On October 20, 2002, a research team led by University of Delaware marine scientist Craig Cary will set sail from San Diego, California, on the 24-day expedition "Extreme 2002: Mission to the Abyss."
Their mission will be to explore one of the most demanding environments on Earth super-hot hydrothermal vents nearly 2 miles deep on the Pacific Ocean floor.
The scientists will travel aboard the 274-foot research vessel Atlantis to their dive site in the Pacific and then descend to the vents in the famous deep-sea submersible Alvin. Both vessels are operated by the Woods Hole Oceanographic Institution.
Under Dr. Cary's direction, the researchers will study the vents and the strange organisms that inhabit them, including the Pompeii worm Earth's most heat-tolerant animal, able to withstand temperatures up to 80°C (176°F).
Vents Teem with Unusual Life
The ocean's greatest depths once were believed to support only a few organisms. But in the past 25 years, intrepid explorers, diving to the seafloor in high-tech submersibles, have disproved that notion. They have discovered that a number of unusual creatures inhabit some areas of the deep sea at underwater geysers called hydrothermal vents.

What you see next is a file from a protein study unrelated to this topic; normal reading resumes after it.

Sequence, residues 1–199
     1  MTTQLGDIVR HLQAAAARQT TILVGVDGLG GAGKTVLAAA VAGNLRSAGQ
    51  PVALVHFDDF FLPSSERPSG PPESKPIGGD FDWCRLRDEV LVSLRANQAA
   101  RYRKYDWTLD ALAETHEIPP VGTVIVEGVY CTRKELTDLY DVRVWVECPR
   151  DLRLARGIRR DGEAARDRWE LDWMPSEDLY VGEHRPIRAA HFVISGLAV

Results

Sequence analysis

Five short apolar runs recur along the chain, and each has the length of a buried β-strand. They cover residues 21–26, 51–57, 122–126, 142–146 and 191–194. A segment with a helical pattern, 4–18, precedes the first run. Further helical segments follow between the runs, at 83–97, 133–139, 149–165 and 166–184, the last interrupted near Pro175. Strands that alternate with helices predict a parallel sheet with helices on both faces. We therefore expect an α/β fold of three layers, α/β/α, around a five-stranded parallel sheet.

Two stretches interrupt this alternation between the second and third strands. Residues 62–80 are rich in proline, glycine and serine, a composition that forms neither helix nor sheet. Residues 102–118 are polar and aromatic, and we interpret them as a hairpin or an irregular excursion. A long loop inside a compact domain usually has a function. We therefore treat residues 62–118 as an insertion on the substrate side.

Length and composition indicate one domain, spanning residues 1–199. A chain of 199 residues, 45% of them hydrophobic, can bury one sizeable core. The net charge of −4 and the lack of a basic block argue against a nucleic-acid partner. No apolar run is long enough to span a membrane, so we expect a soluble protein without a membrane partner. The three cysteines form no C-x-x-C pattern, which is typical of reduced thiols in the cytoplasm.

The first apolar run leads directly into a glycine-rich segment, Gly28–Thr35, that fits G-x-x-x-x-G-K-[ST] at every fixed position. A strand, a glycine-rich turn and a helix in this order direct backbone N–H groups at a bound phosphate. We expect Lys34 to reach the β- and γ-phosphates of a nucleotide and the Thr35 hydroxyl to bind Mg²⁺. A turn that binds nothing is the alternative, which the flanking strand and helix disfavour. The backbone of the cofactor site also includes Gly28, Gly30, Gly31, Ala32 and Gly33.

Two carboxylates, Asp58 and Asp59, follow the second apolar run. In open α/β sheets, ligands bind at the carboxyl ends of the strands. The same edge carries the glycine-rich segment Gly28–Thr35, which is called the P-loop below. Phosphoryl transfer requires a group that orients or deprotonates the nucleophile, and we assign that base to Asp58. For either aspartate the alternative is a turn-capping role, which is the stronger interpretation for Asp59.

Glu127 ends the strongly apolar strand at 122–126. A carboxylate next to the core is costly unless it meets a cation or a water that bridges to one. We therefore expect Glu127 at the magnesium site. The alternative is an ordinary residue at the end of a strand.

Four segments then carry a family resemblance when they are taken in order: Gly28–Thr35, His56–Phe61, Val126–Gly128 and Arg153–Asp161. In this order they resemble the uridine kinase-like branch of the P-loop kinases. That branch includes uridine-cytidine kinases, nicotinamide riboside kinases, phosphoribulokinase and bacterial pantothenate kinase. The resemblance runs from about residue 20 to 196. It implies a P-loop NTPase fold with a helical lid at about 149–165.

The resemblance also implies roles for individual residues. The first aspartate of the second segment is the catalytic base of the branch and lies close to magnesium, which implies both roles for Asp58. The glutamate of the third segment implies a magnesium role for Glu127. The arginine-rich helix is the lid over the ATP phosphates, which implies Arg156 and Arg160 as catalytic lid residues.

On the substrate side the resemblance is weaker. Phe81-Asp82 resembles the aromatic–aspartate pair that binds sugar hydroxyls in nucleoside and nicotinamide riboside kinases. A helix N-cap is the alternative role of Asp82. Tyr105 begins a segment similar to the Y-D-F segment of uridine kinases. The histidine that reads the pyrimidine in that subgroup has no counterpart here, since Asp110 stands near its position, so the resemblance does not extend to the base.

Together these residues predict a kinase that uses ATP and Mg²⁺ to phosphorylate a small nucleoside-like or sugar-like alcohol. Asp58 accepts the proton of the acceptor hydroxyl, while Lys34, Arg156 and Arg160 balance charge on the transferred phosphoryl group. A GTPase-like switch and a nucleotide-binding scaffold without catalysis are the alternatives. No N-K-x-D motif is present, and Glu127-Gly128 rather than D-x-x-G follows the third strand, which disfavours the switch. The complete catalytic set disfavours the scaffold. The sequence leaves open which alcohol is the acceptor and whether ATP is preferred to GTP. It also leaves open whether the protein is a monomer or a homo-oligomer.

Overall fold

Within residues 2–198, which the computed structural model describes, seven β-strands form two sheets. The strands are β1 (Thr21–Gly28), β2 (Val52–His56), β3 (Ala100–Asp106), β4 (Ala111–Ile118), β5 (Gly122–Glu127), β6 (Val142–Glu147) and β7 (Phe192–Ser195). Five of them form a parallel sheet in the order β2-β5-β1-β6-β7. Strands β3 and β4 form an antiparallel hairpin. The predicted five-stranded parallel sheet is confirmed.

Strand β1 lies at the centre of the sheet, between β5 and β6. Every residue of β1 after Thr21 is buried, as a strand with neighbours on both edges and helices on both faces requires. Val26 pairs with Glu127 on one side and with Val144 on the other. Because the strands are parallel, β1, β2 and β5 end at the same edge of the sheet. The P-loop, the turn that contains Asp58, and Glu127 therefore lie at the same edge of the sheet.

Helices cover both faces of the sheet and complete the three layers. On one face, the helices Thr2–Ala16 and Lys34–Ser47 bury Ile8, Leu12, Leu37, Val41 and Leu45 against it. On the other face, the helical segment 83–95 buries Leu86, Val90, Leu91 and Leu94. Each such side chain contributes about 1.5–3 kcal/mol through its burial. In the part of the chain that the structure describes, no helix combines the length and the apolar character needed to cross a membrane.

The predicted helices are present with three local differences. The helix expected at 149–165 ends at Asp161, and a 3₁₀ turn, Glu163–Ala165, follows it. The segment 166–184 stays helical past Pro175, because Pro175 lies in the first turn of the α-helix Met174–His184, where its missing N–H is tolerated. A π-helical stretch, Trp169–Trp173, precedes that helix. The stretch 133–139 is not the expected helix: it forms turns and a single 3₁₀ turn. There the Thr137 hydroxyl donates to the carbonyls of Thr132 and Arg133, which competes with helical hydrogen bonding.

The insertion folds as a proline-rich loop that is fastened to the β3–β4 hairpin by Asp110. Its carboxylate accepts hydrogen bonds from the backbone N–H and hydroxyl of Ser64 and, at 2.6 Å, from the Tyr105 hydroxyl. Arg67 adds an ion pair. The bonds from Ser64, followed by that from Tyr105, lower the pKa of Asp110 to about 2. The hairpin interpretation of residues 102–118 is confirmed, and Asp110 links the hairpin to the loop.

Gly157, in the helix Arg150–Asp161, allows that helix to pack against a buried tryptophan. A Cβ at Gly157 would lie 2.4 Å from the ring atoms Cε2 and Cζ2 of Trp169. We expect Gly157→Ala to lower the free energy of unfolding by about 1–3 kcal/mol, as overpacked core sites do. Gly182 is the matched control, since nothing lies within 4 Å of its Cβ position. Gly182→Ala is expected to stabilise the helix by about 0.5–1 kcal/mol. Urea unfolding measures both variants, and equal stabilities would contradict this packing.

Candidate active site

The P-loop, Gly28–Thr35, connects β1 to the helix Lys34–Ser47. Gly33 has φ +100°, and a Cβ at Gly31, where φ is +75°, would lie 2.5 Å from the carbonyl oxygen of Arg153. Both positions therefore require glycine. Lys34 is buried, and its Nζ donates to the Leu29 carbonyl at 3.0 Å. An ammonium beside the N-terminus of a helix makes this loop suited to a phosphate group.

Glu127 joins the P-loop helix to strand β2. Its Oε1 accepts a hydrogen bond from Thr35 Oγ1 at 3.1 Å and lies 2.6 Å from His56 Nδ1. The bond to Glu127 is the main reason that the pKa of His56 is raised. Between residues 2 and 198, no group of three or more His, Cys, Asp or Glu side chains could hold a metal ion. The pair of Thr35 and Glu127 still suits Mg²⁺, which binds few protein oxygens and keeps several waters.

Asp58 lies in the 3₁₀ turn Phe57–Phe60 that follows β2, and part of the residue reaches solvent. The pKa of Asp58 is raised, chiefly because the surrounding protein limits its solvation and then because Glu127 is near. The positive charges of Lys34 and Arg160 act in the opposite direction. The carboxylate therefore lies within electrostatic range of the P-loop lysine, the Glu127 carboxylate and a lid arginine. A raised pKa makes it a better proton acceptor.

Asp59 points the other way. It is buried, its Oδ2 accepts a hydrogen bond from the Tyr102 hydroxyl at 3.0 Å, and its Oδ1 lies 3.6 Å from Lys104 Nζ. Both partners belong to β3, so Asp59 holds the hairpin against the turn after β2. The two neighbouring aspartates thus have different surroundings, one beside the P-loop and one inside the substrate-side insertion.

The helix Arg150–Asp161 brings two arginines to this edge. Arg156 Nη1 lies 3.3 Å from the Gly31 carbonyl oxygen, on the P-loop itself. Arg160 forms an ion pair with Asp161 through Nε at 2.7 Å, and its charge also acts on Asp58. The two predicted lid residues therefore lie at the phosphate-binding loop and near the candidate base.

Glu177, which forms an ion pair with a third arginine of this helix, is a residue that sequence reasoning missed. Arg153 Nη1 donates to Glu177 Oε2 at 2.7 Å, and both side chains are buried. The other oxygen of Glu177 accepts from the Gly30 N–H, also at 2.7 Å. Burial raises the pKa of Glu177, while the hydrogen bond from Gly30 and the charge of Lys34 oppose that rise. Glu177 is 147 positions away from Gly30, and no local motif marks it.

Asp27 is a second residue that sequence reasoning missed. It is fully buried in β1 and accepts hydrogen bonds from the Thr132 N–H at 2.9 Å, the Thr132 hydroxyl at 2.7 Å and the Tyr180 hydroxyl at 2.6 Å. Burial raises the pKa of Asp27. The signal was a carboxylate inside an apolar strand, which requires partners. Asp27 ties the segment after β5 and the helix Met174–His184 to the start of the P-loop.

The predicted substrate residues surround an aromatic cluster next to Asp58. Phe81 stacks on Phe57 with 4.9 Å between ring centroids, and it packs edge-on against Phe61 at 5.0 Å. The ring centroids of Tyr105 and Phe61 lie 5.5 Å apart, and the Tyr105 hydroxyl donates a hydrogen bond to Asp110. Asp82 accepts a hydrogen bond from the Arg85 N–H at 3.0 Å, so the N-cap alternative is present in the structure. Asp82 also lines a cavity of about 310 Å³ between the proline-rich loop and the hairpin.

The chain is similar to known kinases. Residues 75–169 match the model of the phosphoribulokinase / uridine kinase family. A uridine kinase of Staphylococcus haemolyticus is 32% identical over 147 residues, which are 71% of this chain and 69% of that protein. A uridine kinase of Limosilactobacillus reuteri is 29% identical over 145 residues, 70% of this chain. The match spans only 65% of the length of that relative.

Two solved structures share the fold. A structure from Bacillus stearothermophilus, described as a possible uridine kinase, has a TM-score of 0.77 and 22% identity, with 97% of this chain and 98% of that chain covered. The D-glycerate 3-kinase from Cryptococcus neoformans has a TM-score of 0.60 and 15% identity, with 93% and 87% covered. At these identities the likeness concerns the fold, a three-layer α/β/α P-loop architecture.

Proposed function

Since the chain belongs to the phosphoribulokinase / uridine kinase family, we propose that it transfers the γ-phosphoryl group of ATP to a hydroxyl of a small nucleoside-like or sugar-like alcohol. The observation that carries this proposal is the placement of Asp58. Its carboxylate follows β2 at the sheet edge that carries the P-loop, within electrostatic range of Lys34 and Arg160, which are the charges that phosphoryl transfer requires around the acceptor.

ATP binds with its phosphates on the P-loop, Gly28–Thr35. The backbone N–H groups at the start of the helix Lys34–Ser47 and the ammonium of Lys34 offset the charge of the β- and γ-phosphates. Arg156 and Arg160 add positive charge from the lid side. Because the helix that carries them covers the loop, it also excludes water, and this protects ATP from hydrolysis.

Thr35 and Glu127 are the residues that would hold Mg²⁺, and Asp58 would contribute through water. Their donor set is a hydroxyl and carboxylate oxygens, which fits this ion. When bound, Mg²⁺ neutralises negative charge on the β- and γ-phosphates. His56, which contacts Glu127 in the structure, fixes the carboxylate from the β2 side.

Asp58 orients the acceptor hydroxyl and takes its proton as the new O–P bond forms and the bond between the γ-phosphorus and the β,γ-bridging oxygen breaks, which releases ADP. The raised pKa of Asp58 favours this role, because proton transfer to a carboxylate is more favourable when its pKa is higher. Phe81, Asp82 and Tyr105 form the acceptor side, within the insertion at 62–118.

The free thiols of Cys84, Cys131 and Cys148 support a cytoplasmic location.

Here, over a mile beneath the ocean's surface, live dinner-plate-sized clams reeking of sulfur, towering tubeworms resembling giant lipsticks, ghost-white crabs prowling for prey, pinkish eel-like fish, and the microscopic bacteria that hold together this strange web of life.
After all, vent dwellers thrive under some of the most demanding conditions on the planet. They live in a world of total darkness. They are constantly bathed in toxic chemicals that rocket out of the vents. And some vent organisms tiny microbes can survive water hotter than boiling!
Tubeworms (Riftia pachyptila) may grow to about 3 meters (8 ft) tall. They have no mouth, eyes, or stomach. They depend on bacteria living inside them for survival.
What's more, the atmospheric pressure exerted on these organisms from the weight of the vast ocean above is more than 250 times the pressure we feel on land.
Surf through our Web site and learn more about hydrothermal vents, the fascinating creatures that inhabit them, the technology that makes deep-sea research possible, and the discoveries that marine scientists are making. Let's dive in!
Copyright University of Delaware Oct. 2002